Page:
Whilst reading these extremely well written tales it soon became evident that most of these stories revolved around graves – raising the dead from them, witnessing burials and remembering how the dead came to be in them, digging into them to steal from the remains and offering an idea on how the dead filling the many graves marking endless trails came to be there.

Filled with fascinating characters these stories provide gripping reading and even though I’m not normally a fan of cross-genre tales I really enjoyed the two that combined western and supernatural elements, one of which was possibly my favourite in the whole collection.

The eagle-eyed amongst you will have noticed the cross on the front cover inscribed with the name Tanner Moody, and for those who have read the book The Funeral of Tanner Moody (written by a variety of different authors) you might like to know that two of the stories in this collection feature him.

The Resurrection Man – previously published in Best of the Midwest 1993
The Tailor of Yuma – previously published in Tin Star 2002
Planting Lizzie Palmer – previously published in Boot Hill 2002
Don’t Never Fall in Love with No Whore – previously published in Guns of the West 2002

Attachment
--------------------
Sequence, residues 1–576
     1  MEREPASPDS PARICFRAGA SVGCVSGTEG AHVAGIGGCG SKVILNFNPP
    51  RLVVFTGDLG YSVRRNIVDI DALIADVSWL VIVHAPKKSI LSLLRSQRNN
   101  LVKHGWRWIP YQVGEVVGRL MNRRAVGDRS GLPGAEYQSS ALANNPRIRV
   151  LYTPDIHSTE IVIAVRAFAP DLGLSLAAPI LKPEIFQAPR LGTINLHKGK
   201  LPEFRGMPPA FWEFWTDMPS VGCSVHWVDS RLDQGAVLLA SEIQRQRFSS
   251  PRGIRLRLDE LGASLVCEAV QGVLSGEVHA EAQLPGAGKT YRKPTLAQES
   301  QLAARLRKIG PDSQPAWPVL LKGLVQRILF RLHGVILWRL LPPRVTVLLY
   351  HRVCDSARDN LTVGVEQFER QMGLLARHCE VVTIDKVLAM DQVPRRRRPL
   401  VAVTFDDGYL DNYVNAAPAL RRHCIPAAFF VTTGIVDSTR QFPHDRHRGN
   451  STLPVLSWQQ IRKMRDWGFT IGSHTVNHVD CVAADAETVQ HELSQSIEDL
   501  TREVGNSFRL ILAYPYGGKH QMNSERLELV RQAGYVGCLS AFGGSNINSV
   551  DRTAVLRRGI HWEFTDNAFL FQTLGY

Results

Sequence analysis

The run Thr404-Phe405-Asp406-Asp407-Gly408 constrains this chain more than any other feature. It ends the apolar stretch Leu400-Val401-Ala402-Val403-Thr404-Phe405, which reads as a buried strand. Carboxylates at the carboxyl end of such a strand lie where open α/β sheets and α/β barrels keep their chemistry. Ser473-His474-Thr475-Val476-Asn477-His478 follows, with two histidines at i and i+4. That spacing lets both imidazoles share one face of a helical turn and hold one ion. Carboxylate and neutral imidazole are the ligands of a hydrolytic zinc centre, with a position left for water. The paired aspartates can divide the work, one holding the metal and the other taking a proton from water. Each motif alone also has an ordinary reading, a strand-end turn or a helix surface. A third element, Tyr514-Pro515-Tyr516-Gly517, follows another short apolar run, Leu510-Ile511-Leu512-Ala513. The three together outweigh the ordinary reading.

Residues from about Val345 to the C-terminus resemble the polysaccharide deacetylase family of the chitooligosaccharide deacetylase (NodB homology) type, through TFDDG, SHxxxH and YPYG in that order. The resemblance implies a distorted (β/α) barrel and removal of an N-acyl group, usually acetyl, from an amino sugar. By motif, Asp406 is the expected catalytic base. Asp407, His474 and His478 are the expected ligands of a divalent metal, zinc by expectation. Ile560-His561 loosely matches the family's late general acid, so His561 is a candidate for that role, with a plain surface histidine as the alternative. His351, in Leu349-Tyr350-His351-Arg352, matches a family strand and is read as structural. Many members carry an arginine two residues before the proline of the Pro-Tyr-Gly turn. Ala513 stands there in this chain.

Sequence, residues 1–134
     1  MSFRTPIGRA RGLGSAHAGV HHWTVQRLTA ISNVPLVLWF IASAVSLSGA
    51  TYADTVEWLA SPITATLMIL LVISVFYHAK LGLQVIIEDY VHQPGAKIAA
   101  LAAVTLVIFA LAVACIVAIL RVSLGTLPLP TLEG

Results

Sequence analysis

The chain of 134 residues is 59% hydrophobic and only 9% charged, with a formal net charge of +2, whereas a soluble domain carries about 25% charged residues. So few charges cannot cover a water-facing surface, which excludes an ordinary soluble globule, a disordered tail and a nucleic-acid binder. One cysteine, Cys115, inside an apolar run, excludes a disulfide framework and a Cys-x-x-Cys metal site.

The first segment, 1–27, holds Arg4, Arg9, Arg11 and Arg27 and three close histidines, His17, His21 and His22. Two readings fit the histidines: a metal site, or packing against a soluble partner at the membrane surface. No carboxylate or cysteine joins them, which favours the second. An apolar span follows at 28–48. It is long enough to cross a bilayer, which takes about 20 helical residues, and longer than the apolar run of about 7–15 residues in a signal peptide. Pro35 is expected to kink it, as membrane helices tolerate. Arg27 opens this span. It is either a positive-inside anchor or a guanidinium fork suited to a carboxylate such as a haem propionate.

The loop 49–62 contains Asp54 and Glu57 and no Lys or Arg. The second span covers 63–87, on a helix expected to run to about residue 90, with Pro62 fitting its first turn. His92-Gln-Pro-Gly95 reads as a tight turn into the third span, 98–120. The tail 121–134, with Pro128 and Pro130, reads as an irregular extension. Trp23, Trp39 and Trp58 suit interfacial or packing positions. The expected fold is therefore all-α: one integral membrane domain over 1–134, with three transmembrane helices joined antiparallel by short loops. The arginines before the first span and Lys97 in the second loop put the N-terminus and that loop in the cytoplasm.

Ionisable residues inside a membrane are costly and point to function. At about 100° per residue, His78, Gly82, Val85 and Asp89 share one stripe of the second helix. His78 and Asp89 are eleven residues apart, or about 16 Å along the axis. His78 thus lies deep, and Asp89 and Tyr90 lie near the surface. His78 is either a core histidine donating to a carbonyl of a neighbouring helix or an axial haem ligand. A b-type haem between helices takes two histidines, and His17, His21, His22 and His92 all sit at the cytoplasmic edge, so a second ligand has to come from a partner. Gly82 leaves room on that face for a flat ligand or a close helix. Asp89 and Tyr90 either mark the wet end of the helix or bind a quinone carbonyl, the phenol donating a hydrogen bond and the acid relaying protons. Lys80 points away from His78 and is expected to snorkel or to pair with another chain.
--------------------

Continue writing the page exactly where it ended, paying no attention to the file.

The Last of the Ranger Chieftains – previously published in Texas Rangers 2003
Poor Ole Moody – previously published in The Funeral of Tanner Moody 2004
The Hungry Trail – previously published in Six-Guns and Slay Bells 2013
Odds on a Lawman – previously published in Livin’ on Jacks and Queens 2014

Wednesday, 25 May 2016

Terror in Tombstone

By Paul Bedford
Crowood Press, May 2016

Former lawman Rance Toller and his lover Angie Sutter foil a stagecoach robbery just outside the frontier settlement of Tombstone, Arizona, and in the process capture the notorious gunfighter Johnny Ringo.

As a result, Rance is persuaded to accept the vacant position of town marshal, formerly held by one of the famous Earp brothers. Unfortunately, he soon falls foul of the Big Silver mining operators led by E.B. Gage, who want the law on their own terms.

With the dubious help of his new friend, Doc Holliday, Rance has to fight for his life against Gage’s ruthless enforcers, as well as take on a band of murderous cattle rustlers and the vengeful Ringo, who has escaped a jail cell with mysterious ease. It is not long before brutal bloody violence explodes on the streets of Tombstone.